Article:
Should Obama Really Be Pressing for a Consensus?





Mr. Gregg is Assistant Professor of History, University of Nebraska, Omaha.

Bipartisanship—or consensus—has become a powerful motif in American politics. Pragmatically, the American political structure with both a strong legislative branch and a strong executive branch as well as a party structure that does not enforce legislative conformity on its members requires some degree of cooperation across party lines. On the other hand, politicians of all stripes invoke the term in a cynical effort to silence dissenting views. Nor should we discount the natural human tendency to avoid conflict. However, the desire for bipartisanship is also very real for many Americans and is partly rooted in some powerful historical beliefs and myths that have given rise to a faulty understanding of the American past. Forged in large part by a group of historians practicing in the middle decades of the twentieth century (often referred to as the “consensus school”), the argument goes something like this: American society drew its strength from the ability of politicians and people to forge a broad middle ground and exclude from the political process those—on the left and the right—committed to a more radical path. This broad consensus required a certain surrendering of personal desires as national leaders came together to accomplish the legendary “what’s right for the country.” Unfortunately for today’s believers in bipartisanship, this interpretation of American history has almost as much myth as fact.

The concept of consensus is commonly rooted in the revolutionary period, drawing strengths from the ghosts of the founding fathers. While it is true that a general (although far from universal) consensus held the country together during the revolutionary war and lasted to a large extent through the Constitutional Convention it began to unravel in the 1790s. Rancorous political debates took place from 1796 onward. The election of 1800 was one of the bitterest and most divisive in American history. Following a tied electoral college vote, and a partisan debate in Congress, Thomas Jefferson emerged as the third president.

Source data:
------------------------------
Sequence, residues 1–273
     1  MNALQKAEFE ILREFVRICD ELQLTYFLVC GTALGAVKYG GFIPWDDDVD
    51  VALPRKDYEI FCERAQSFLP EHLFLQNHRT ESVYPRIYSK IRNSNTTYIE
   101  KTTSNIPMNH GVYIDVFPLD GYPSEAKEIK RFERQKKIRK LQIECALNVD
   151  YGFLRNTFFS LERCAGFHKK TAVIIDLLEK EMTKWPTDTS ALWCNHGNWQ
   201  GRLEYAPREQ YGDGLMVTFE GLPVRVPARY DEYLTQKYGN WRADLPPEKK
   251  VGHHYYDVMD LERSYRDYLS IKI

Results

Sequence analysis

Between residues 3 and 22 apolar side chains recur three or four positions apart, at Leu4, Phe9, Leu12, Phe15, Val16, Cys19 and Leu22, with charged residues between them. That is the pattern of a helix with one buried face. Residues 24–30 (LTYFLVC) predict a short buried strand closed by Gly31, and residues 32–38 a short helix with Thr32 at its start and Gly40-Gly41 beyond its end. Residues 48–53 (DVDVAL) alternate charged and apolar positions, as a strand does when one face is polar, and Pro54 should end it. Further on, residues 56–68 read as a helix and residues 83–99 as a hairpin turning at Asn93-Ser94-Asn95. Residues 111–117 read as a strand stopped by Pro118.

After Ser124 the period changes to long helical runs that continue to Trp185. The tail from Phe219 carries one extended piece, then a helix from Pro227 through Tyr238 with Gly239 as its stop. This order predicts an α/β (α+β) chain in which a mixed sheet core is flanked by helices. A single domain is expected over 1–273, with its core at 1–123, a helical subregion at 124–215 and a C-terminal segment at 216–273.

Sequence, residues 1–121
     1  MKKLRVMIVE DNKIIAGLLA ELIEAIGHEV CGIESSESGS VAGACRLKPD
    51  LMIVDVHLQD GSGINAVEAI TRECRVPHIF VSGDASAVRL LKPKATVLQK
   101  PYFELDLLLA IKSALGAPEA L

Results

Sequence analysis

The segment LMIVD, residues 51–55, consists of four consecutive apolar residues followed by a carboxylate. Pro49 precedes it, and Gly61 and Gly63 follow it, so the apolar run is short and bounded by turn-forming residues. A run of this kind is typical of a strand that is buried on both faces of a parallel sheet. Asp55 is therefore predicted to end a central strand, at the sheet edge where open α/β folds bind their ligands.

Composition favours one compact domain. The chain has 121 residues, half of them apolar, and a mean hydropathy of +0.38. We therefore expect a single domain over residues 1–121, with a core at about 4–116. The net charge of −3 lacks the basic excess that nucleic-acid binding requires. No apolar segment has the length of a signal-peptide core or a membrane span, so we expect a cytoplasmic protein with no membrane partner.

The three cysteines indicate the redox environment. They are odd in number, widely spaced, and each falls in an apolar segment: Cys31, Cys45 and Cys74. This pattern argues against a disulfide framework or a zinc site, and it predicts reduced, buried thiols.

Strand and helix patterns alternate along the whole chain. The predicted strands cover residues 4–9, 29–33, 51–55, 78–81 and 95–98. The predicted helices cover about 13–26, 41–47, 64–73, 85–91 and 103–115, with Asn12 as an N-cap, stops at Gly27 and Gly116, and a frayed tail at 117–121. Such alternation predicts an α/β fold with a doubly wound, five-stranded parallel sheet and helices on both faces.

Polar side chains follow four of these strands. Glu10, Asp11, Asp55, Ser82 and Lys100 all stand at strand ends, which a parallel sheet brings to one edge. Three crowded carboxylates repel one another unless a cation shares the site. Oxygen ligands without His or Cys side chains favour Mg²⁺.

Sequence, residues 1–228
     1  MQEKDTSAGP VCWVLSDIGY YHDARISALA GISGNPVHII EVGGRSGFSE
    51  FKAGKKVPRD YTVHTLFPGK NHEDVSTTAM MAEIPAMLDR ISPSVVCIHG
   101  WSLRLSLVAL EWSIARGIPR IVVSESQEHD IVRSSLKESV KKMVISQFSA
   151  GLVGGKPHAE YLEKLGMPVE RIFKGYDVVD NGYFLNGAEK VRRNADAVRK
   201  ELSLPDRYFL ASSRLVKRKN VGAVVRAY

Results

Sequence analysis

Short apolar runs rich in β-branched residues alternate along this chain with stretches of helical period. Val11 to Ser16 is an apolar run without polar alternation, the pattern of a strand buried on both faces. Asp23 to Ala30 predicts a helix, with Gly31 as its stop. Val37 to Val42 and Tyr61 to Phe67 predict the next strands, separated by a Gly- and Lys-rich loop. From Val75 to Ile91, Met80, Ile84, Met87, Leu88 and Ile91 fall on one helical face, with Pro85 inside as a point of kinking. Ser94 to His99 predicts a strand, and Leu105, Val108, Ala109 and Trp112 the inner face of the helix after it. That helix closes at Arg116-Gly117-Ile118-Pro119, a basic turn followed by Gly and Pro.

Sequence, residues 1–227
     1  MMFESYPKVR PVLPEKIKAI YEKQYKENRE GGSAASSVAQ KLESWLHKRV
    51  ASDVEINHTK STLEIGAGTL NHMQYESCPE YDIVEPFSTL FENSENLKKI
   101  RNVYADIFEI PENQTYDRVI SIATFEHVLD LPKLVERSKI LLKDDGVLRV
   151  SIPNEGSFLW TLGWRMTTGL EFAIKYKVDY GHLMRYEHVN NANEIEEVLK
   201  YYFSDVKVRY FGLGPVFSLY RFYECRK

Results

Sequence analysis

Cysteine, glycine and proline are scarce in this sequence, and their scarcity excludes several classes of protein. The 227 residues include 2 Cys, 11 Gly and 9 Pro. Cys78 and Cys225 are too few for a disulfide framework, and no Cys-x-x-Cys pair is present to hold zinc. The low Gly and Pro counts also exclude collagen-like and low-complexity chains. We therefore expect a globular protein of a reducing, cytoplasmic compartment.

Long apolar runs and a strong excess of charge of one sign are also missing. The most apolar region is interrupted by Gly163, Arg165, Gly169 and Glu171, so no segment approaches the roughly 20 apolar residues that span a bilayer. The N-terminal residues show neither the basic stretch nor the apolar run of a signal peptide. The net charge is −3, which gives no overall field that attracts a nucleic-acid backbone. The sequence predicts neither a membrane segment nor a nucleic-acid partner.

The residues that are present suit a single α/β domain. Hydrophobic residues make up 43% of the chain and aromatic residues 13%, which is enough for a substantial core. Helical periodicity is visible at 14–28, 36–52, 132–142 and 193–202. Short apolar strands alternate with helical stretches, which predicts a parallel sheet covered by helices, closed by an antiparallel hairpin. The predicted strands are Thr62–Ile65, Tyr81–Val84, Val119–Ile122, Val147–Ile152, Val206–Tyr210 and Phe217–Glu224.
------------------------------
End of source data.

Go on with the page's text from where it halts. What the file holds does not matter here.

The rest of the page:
Jefferson’s 1801 inaugural address, delivered in the aftermath of this animosity, is often seen as a shining example of bipartisanship. Jefferson called for all Americans to “unite with one heart and one mind,” to reestablish harmony in order to strengthen liberty, and famously declared that “we are all Republicans, we are all Federalists.” But, as James Sharp explains in his excellent American Politics in the Early Republic, Jefferson was not promoting a political landscape where Republicans and Federalists joined hands and worked together. Rather, Jefferson believed that the 1800 election meant that those Americans who could vote had come to their senses and repudiated Federalist ideas. The future, he believed, would mean the disappearance of the Federalist malefactors and the return of all the people to the republican ideals which he espoused, a most partisan belief. In many ways, Jefferson’s speech contains the genesis of the spurious call today to “do what is right for the American people.” From 1801 consensus allegedly rolls through American history, averting division and violence except on rare occasions (the Civil War for example).

The first problem with this interpretation of American history is that it is decidedly not the complete picture. In fact, one could argue that the extension of liberty in American history has come not from consensus but from confrontation: the partisan arguments over slavery which emerged in the 1850s; the western populists of the 1890s; the women’s suffrage movement; the argument over the New Deal in the 1930s. Even one of the shining examples of bipartisanship—the passage of the Civil Rights Acts of the 1960s—is not as straightforward as many would believe. It is true that there was bipartisan support from liberal Democrats and liberal and moderate Republicans to push those bills through Congress. But, and this is crucial, that bipartisan support came after hundreds of thousands of African-Americans took a partisan position that enough was enough. In so doing, they motivated hundreds of thousands of white Americans into supporting their cause. The bipartisan congressional action on legislation was brought about by partisan political action by millions of Americans.

Even when it comes to national defense, where politics famously stops at the water’s edge, we need to be careful in how we embrace consensus. True, we can only speculate what would have been the impact during World War II if the majority of Republicans made it their mission to undermine FDR’s war policies. But, on the other side of the coin, consider the Vietnam War. One reason it became a running sore was that neither Eisenhower nor Kennedy nor Johnson were ever compelled to make a public case for American involvement in southeast Asia because there was a general bipartisan agreement that American intervention was necessary.